From a scientific point of view, asset allocation and security selection have equal potential in affecting portfolio risk and returns. Given that more of us have security analysis training and idolized Warren Buffet, I was hoping that at least half the votes would have been cast in favor of security selection. That’s why I was disappointed.
The only justification favoring asset allocation that much over security selection is that we all realize asset allocation has at least an equal shot at making an impact and it is so far the road less traveled by, maybe that’s where the largest opportunities are.
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It is not clear to me that you can define a “good” asset allocation if you have not first developed the appropriate goals.
Some once said if you don’t know where you are going all roads will get you there.
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You made a good point. If we phrased the question in true Econ 101 fashion, it would have read: “All things equal, where can an extra unit of an average investment professional’s input generate the maximum amount of extra utility for his or her clients?” And that is indeed what we meant when we asked the question.
I’d be interested in comparing client responses to the value proposition to those of “insiders” to the industry.
Good point. Our respondents include both those who manage money and their clients. It would be interesting to see how each group’s response differ. Deeper issues remain even then though as we’d still want to know why they vote the way they vote – for example, if clients fail to see the value of security selection, does it really mean security selection is useless or is it just that the clients are unable to see its value for some reason?
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*Most* value is the key point here. I think hands down it’s in helping clients deal with behavioral issues. According to JP Morgan, over the last 20 years, the S&P 500 has averaged an 8.2% annual return, inflation has averaged 2.2%, and the average investor has averaged a 2.1% annual return. So in an 8% equity growth environment, investors are under performing by 6% and are not even keeping up with inflation. This is the most shocking number that I know of in all of finance. Protecting clients from “buy high, sell low” is the single biggest affect we can have on client returns.
Thanks for visiting our blog and sharing your thoughts. Understanding behavioral issues are certainly critical to any investment process. Bear in mind though we are all human and we’ll never put all our money in stocks all the time. Nor should we.
Larry, I think you misunderstand. The JP Morgan data is calculated based upon mutual fund investments, that is, funds that investors are were willing to commit to the market. And with those funds, (not all funds) investors have hugely under performed the averages.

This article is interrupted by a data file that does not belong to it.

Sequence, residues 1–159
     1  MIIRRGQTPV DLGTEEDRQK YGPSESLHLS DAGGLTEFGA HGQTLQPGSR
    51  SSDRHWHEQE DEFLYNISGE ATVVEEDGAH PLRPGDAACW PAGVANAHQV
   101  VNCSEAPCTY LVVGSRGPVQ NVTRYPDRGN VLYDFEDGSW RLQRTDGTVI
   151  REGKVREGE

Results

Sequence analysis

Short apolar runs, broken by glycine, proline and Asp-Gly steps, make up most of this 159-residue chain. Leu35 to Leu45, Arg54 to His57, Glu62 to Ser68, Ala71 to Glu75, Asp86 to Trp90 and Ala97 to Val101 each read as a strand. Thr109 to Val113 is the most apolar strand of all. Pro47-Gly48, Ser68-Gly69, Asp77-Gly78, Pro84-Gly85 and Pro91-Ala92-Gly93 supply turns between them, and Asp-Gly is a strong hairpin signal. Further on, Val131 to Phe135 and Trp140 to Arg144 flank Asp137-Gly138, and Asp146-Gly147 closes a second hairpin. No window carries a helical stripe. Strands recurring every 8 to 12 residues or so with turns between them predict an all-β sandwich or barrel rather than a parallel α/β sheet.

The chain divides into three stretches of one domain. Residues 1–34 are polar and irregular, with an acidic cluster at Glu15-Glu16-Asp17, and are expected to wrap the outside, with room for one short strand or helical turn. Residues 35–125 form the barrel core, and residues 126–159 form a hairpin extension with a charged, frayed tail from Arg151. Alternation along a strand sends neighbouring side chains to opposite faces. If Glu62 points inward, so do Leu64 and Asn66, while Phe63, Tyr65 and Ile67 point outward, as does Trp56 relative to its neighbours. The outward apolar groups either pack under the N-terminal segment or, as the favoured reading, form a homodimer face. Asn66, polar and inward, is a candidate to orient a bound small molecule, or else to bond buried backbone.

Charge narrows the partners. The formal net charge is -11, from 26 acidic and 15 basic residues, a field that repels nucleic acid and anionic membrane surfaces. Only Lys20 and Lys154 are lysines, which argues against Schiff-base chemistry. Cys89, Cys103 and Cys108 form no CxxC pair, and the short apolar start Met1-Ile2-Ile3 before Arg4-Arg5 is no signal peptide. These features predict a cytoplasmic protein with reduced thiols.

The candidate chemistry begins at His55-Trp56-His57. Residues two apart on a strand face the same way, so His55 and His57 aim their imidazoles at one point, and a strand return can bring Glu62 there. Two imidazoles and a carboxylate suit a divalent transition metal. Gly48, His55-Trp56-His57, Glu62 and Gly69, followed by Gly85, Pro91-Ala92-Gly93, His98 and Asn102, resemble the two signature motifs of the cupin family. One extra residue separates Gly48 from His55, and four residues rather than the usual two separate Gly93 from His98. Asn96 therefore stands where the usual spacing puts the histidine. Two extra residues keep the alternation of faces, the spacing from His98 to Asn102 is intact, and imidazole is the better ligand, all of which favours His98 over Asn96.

You are absolutely right … if investors want to put all their money in stocks. There are obviously many reasons why they might not want to do that – dynamic asset allocation for example. Risk tolerance is another often cited reason.
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I agree. A good company is not necessarily a good investment.
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My 2 cents: 401K investors and gov’t employees don’t have the option of investing in securities. They typically are given a choice of 10-30 funds or so (maybe up to 75 or 100 at big firms.) For that reason, asset allocation assumes a preeminent position for many investors.
IRA investors have more choices, but when it comes to security selection, there seems to be little evidence that the skill to identify alpha is very common. I doubt that many CFAs would claim to have superior stock selection skills, though perhaps I am wrong? When about 7% of all stocks drive excess returns, and most of what we see in fund performance is consistent with the assumption that virtually all outperformance is driven by luck – well, why would I think any CFA is any different? The biggest controllable variable, after the amount saved, is asset allocation.
As a self directed investor, I feel very little need for security selection. I am interested in optimizing my asset allocation. I”ll interject that TAA and alternative funds such as managed funds, or even factor funds, are all interesting, but most don’t have decades of performance behind them, which makes it very difficult to gauge their true impact on an otherwise balanced portfolio. However, portfolio construction can have substantial impact on financial outcomes – a perfectly fine portfolio in one context can be ruinous in another context. Additionally, if the asset allocation is appropriate, security selection could enhance it, but indexation will go a long ways towards ‘locking in’ a reasonable outcome.
I guess I look at the poll results differently. Just who are these 5% and what rock have they been living under? Only 17% of professional fund managers have outperformed their index over the last 15 years, a full 57% who were in business 15 years ago went bust. We wouldn’t expect different results from a room full of monkeys throwing darts at stock tables, except that the monkeys would work for bananas.
As to the importance of asset allocation, please consider the following illustration: a retiree with $1M in 2000 needing 5% a year (adjusted for inflation) who invested in a combo of US/Int’l Total Stock Indexes was on the verge of going broke last month. The retiree who instead invested in a multi-asset class portfolio almost doubled their wealth net of withdrawals: http://bit.ly/2cG2wve
This is not to say behavior doesn’t matter, because certainly it does as well. Just that asset allocation, something all of us can realistically have a positive impact on, matters a great deal and a great deal more than many academic studies on the matter give it credit for.